This year’s World Day of Remembrance for Road Traffic Victims is on Sunday 15 November, a day where people across the planet join together to remember all those killed or injured in road crashes.
Across the world, around 4,000 people a day are killed on roads, with many hundreds of thousands injured. Since last year, around one and a half million people will have died in a road crash and millions more will have either sustained serious injuries or been left bereaved through the loss of a loved one.
The World Day of Remembrance takes place each year on the third Sunday of November. Activities and remembrance services take place around the globe to raise awareness of the devastation caused by road traffic accidents and to pay tribute to the emergency services who deal every day with the immediate aftermath of a collision.
This Year’s Theme
This year’s theme is Say No to Road Crime where the focus will be on improving both driver behaviour and the enforcement of traffic laws.
It’s been 10 years since the United Nations adopted the global remembrance day and, since then, over 12 million people have been killed in road crashes around the world. In the UK last year, 1,775 people lost their lives in road collisions and 315 drivers were convicted of death by dangerous driving.
Prime Minister David Cameron has given his support to the day, saying: “We can be proud that Britain has one of the best road safety records in the world, but each and every death is a tragedy, so we are determined to do more to make our roads even safer.
"I hope that service providers, local authorities, the police, road safety professionals, the voluntary sector and, of course, road users themselves will work with us to ensure we rise to that challenge to make our record stronger still."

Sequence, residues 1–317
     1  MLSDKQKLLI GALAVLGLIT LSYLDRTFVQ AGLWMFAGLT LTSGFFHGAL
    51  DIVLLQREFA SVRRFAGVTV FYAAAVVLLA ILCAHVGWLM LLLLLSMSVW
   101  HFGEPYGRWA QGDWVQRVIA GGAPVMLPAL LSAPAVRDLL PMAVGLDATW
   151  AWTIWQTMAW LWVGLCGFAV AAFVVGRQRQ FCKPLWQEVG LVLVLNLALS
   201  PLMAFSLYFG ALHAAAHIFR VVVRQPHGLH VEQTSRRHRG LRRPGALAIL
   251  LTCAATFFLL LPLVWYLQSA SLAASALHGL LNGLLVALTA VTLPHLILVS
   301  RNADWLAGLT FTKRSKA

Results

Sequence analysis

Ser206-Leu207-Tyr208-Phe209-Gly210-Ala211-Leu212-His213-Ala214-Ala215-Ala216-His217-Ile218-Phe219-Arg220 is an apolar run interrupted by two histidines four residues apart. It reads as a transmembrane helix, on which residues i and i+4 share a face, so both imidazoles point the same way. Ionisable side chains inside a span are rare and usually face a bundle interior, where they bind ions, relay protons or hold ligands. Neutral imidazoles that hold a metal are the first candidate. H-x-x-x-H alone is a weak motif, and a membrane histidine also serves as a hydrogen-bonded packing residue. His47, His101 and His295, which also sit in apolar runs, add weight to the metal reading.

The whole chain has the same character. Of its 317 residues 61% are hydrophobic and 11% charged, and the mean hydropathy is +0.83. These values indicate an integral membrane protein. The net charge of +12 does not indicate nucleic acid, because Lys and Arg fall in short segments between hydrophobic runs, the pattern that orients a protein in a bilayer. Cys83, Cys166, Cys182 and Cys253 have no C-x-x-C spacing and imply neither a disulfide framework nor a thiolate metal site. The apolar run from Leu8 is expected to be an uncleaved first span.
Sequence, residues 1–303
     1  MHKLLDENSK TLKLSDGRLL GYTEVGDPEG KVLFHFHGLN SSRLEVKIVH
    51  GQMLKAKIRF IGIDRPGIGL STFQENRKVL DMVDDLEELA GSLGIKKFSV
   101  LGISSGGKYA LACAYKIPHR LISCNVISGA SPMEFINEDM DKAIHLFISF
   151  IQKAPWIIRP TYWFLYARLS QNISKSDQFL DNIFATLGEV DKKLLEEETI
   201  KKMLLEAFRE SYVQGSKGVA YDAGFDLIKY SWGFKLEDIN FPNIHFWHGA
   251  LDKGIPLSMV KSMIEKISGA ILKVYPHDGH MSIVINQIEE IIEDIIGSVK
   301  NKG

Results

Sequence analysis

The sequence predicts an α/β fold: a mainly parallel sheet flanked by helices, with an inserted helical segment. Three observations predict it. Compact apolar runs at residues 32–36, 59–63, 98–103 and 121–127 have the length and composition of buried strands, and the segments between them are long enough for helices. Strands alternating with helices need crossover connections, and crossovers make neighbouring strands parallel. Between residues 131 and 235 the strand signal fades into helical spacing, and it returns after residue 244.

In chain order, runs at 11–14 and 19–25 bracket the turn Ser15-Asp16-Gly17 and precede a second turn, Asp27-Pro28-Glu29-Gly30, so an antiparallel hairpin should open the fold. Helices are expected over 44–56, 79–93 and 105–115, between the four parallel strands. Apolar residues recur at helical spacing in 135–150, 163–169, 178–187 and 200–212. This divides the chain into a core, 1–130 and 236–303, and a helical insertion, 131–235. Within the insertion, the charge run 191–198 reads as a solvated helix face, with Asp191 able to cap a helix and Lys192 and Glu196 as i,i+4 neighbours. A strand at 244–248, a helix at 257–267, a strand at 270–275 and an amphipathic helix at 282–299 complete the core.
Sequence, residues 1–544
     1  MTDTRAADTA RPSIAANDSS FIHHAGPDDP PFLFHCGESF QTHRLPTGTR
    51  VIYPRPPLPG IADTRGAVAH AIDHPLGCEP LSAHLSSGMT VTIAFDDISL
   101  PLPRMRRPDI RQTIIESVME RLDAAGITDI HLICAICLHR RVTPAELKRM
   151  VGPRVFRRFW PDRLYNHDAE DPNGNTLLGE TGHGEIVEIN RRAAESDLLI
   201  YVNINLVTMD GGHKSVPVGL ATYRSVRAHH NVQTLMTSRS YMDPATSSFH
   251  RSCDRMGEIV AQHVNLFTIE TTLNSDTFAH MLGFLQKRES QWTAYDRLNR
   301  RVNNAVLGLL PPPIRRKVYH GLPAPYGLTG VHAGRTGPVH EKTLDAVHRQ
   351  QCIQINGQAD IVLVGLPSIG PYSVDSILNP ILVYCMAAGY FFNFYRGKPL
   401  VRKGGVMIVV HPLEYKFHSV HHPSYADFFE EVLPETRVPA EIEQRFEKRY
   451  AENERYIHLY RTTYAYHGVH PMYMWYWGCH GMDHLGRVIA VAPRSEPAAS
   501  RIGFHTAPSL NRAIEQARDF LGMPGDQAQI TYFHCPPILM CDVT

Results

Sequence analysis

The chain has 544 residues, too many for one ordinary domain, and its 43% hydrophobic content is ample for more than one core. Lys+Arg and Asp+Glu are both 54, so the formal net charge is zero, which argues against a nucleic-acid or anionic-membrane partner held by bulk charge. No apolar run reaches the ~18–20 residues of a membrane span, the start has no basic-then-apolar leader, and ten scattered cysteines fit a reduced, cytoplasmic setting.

Say No to Road Crime All Year Round
Days such as World Day of Remembrance for Road Traffic Victims are fantastic for raising awareness but, if we are going to tackle global road carnage then road safety needs to be a priority throughout the year.
All road users can help say no to road crime all year round by making a pledge to do simple things that will help make roads safer for everyone. This includes staying within speed limits, never driving under the influence of alcohol or drugs and never using mobile phones when driving.
The pledge also includes a promise to keep driving to a minimum and use alternative methods of transport wherever possible. In fact, this is the theme of the upcoming Road Safety Week, which takes place from 23–29 November. Slater and Gordon will be releasing blogs throughout Road Safety Week, exploring how road users can Drive Less, Live More.
Slater and Gordon Lawyers offer a free consultation for people injured in road traffic accidents through no fault of their own. Call us 24/7 on freephone 0800 916 9046 or contact us online and we’ll be happy to help you.